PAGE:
COPENHAGEN – Nearly one hundred of the world’s main cities on Wednesday pledged to support a new global green pact that recognizes the climate crisis is urgent.
City leaders have said they will deliver proactive policies to ensure global temperature increases do not exceed 1.5 degrees by the end of the century at the C40 World Mayors Summit in Copenhagen.
“As mayors, our first responsibility is to protect the lives of our citizens, and the climate crisis poses the greatest risk to health and prosperity,” the host and representative of the Danish capital, Frank Jensen, told a news conference.
Paris, New York, London and Madrid are just some of the C40 cities that have backed the pledge to combat climate change.
The C40 has gathered mayors of 94 cities at the climate summit which will be held until 12 October in a bid to agree on common solutions.
The agreement aims to reduce emissions in the most polluting sectors: transport, industry, construction and waste management.
On Tuesday, the C40 announced that 30 of its cities have already lowered their emissions an average of 22%, and the host city Copenhagen has managed to reduce its emissions by a whopping 62%.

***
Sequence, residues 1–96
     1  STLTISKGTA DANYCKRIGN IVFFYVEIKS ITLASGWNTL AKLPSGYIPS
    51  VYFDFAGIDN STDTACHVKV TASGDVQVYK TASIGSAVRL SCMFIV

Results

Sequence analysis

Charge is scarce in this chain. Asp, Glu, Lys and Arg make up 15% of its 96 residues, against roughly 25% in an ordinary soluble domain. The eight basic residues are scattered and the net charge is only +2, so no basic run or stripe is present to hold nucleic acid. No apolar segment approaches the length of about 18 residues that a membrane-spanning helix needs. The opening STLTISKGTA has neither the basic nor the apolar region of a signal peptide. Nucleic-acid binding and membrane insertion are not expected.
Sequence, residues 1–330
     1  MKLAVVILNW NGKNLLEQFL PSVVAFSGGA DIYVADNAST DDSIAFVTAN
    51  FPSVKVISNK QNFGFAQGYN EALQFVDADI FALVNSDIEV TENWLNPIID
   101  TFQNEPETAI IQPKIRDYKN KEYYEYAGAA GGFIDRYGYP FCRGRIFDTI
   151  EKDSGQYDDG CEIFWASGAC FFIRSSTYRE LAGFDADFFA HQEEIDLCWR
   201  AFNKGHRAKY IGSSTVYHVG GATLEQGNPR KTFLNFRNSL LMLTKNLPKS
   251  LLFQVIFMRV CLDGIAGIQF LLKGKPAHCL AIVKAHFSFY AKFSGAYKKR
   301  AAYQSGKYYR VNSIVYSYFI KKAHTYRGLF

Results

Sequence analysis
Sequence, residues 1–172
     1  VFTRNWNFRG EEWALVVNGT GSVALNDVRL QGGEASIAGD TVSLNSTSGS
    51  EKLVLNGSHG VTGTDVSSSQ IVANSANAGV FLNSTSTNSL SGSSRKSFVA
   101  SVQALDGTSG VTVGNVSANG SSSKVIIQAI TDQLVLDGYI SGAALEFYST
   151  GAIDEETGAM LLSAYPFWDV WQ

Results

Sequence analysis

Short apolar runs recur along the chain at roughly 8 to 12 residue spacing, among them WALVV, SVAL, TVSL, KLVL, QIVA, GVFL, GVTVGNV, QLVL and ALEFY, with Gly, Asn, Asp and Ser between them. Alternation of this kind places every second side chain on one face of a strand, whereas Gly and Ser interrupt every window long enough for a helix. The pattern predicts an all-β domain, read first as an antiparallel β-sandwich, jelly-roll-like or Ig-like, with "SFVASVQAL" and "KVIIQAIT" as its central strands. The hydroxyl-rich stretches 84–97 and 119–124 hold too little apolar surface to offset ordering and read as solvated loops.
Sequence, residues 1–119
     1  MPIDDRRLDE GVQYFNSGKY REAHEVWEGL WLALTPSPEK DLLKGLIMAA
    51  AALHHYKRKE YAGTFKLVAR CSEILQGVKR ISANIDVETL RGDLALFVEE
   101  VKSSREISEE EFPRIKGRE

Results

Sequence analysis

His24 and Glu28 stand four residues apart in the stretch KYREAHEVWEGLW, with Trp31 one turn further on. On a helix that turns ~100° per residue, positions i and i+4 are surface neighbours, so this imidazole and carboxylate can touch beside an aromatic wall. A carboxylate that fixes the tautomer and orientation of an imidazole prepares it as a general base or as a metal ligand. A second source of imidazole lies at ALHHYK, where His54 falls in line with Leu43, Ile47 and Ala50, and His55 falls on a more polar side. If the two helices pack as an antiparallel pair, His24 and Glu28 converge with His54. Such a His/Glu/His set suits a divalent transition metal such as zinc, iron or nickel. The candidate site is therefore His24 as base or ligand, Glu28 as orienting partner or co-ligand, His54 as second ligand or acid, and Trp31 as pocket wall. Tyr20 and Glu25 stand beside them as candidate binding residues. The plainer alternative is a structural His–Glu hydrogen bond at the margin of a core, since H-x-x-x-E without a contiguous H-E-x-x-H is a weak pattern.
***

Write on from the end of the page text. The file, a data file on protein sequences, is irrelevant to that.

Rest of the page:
The group emphasized its intention to fight global warming adding that the issue was at the heart of its decisions and that those economies that are highly dependent on polluting industries should undergo a fair transition to a green economy.
A call to avoid the most devastating consequences of the climate emergency would mean reducing emissions by half by 2030.
To meet this target communities will have to make considerable adjustments such as replacing cars that use fossil fuels with cleaner alternatives.
Political leaders, investors and city representatives are just some of those at the C40 who have pledged to collaborate closely with the youngest in society “to help them shape the sustainable future they want.”
“We all know that the most vulnerable are those who are suffering the most from warming,” said Paris Mayor Anne Hidalgo, who will hand over the presidency of the C40 to her Los Angeles counterpart Eric Garcetti.
“The new global green pact must be a collective project,” she concluded.